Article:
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John Paul Cook

BI Beginner: Simple X-Y Plot

When I worked for Microsoft giving presentations on data platform products, it was a common occurrence to have people tell me that they didn’t know how to use Power BI. This is the first in a series of posts showing how to do simple, useful tasks in Power BI Desktop. Power BI Desktop is free. Download the Power BI Desktop from here.

You can either create a simple Excel file such as the one shown below or download the attached file to follow this tutorial. This tutorial begins with the steps to create a simple X-Y plot in Excel. Later the Excel file is used as input to Power BI.

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Figure 1. Sales data for simple X-Y plot.

It’s easy to create an X-Y plot in Excel as shown below.

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Figure 2. Sample data saved in Excel to be loaded into Power BI.

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Figure 3. Steps to create a simple X-Y plot in Excel.

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Figure 4. Simple X-Y plot created by Excel.

What follows is my answer to the question of how to do the same thing in Power BI. As you will see, it’s actually pretty easy. It will take you longer to read these instructions than it will take to actually do the work.

Begin by loading your Excel file into Power BI Desktop.

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Figure 5. Loading data into Power BI Desktop.

You’ll be prompted to select your worksheet.

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Figure 6. Select your worksheet and click Load.

After your data is loaded, Power BI appears in Report View. It’s not like Excel where you’d immediately see your data values in a grid. You can see your data in a grid by clicking on Data, but that’s not what we need to do now.

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Figure 7. Report View in Power BI Desktop.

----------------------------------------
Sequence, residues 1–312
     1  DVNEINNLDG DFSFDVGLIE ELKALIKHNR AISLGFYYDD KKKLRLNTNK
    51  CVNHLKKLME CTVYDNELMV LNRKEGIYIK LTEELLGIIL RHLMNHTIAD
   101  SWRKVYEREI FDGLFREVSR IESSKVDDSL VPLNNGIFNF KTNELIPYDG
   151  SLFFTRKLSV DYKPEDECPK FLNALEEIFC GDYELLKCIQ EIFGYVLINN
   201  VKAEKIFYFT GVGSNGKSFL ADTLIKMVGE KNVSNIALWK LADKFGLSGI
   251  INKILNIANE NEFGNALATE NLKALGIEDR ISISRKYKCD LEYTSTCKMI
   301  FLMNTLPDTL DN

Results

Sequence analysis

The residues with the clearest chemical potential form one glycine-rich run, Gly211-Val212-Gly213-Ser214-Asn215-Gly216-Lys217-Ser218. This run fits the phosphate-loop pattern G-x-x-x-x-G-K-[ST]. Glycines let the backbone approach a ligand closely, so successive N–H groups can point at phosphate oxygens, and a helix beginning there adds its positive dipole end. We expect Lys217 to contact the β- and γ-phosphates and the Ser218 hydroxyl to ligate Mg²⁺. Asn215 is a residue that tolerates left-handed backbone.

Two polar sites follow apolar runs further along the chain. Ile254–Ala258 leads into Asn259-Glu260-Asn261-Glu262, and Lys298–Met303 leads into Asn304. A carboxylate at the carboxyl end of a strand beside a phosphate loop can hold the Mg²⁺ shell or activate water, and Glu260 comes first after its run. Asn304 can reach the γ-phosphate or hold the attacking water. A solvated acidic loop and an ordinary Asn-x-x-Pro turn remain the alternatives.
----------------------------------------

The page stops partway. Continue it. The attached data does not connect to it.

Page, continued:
Move your mouse under Visualizations and click on the Line chart icon. This is the part where people tell me they have trouble. What to do next, what goes where?

The Axis is the X-axis. So where to the Y-axis value belong? Under Values – where else, now that you think about it!

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Figure 8. Line chart parameters.

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Figure 9. Drag the Year to the spot just under Axis.

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Figure 10. Drag Units Sold to the spot just under Values.

 

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Figure 11. Finished line chart.

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Figure 12. Line chart resized.

It’s really easy to change the visualization type. You should experiment by clicking on various visualization to see what they look like.

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Figure 13. Click on Stacked column chart to change how it looks.

You probably want to do some formatting. Click the icon for the paint roller brush to explore the formatting options. Your formatting changes remain intact even if you change your visualization.

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Figure 14. Click on the Format icon to expose the formatting properties.

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Figure 15. Use the Title properties to change the title.

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Figure 16. Extensive formatting just to show what is possible.

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Figure 17. Notice that the formatting changes carry across different visualizations.

Save your Power BI model when you’re done!

The next post in this series is here where you can learn how to make stacked charts.

Published Wednesday, May 17, 2017 5:54 PM by John Paul Cook

Attachment(s): PowerBI20171705.zip

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About John Paul Cook

John Paul Cook is a database and Azure specialist who works in Houston. He previously worked as a Data Platform Solution Architect in Microsoft's Houston office. Prior to joining Microsoft, he was a SQL Server MVP. He is experienced in SQL Server and Oracle database application design, development, and implementation. He has spoken at many conferences including Microsoft TechEd and the SQL PASS Summit. He has worked in oil and gas, financial, manufacturing, and healthcare industries. John is also a Registered Nurse who graduated from Vanderbilt University with a Master of Science in Nursing Informatics and is an active member of the Sigma Theta Tau nursing honor society. He volunteers as a nurse at a clinic that treats low income and uninsured patients. Contributing author to SQL Server MVP Deep Dives and SQL Server MVP Deep Dives Volume 2. Opinions expressed in John's blog are strictly his own and do not represent Microsoft in any way.

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